Multiplex Networks
In many complex systems the interactions among the elementary
components can be of qualitatively different nature. Such systems are
therefore naturally described and represented in terms of multiplex or
multilayer networks, i.e. networks where each layer stands for a
different type of interaction between the same set of nodes.
We have proposed
basic metrics
[PRE14] for multiplex networks, with particular attention to
correlations
[PRE15]. Together with
M. Barthelemy (CNRS, Paris) and
G. Bianconi (QMUL, London) we have introduced some
LINEAR
[PRL13] AND NONLINEAR GROWTH MODELS
[PRE14] to construct multiplex networks. With
A. Arenas and
M. De Domenico (Alephsys Lab, Terragona),
we have introduced a method to REDUCE the number of layers in
multilayer networks while minimizing information loss, which allows
to describe the structure of a multilayer complex system
with an optimal tradeoff between accuracy and complexity
[NatComm15]. We have also studied dynamical processes,
such as biased random walks on multilayer networks, and even the
case of two different types of INTERTWINED DYNAMICAL PROCESSES, namely
synchronization and energy transport, taking place on interconnected networks
[arXiv14]. We are now working to an extension of the Axelroad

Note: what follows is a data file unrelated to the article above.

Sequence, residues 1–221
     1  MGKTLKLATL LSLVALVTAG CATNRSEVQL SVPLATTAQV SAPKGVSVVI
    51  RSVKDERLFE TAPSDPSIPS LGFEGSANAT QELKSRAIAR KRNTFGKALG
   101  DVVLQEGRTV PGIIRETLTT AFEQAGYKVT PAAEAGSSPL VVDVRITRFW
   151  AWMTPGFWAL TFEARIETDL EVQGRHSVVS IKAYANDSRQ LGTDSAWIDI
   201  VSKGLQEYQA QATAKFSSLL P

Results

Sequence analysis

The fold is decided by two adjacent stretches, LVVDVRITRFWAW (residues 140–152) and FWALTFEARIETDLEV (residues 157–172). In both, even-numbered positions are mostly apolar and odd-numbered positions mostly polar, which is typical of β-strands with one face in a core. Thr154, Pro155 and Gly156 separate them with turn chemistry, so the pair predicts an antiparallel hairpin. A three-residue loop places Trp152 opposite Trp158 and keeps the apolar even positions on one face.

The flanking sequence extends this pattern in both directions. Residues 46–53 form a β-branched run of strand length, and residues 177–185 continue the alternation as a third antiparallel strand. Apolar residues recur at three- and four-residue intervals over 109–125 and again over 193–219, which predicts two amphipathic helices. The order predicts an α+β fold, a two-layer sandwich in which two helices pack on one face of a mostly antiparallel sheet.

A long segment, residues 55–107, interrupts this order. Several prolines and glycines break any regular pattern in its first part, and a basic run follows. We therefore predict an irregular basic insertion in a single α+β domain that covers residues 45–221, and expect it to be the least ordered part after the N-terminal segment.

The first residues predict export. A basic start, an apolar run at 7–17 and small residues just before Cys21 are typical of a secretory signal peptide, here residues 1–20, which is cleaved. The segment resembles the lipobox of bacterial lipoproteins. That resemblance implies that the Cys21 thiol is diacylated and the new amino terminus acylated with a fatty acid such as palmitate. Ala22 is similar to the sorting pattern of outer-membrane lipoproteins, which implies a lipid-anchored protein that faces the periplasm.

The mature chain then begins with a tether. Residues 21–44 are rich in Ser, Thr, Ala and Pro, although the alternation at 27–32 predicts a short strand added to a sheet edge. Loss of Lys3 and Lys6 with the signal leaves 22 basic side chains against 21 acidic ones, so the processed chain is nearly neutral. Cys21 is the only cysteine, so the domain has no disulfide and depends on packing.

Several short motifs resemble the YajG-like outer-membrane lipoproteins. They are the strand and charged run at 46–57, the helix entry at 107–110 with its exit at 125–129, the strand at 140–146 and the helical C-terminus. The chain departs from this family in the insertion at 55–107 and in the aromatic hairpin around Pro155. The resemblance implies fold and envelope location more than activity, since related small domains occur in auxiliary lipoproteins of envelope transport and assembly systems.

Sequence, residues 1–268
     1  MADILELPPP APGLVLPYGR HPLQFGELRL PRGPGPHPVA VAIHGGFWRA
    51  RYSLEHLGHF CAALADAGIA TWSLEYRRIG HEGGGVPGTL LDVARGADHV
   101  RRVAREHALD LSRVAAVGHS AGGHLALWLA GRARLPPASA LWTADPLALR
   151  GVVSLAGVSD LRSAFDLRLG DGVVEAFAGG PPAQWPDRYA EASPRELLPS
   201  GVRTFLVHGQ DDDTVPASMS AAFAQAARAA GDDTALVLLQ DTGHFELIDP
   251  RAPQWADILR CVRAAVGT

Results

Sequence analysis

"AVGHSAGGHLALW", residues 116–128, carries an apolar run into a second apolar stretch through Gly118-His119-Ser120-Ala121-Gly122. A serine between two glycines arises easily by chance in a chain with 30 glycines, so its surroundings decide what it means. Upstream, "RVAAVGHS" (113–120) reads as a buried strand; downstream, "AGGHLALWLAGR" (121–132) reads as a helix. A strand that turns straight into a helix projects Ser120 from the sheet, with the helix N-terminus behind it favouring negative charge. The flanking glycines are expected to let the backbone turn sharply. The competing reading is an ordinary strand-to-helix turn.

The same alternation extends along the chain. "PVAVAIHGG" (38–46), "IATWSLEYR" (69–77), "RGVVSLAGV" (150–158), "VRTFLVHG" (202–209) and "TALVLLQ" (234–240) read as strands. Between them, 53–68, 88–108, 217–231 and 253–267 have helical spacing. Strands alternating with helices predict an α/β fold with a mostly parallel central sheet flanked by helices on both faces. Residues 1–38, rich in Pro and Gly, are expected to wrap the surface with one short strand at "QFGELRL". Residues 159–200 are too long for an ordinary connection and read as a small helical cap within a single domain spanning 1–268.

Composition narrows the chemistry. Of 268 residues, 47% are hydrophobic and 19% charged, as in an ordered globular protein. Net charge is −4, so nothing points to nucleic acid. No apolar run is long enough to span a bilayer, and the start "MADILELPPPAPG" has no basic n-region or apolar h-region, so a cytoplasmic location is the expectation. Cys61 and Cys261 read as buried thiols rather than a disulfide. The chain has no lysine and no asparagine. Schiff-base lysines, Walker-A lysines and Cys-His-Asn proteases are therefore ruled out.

model for the dissemination of cultures in multiplex networks,
and to the study of Turing patterns in networks with two layers.
Together with L. Lacasa (QMUL, London) we have
introduced a method to study multivariate time series by transforming them
into multiplex networks
[NatSR15].
More on our work can be found at the website of the EU project
LASAGNE, on
multiLAyer SpAtiotemporal Generalized NEtworks, of which I am the
Scientific Coordinator.
Temporal Networks
Realworld networks are inherently dynamic, with the links fluctuating
and changing over time. E.g., human contacts or relationships change
over time because individuals lose old acquaintances, acquire new
ones, or move over geographic space. Despite this fact, most of the
classic studies on complex networks are based on the analysis of
static (aggregated) graphs, as if the links were all concurrent
in time. In order to capture the real dynamic behavior and time correlations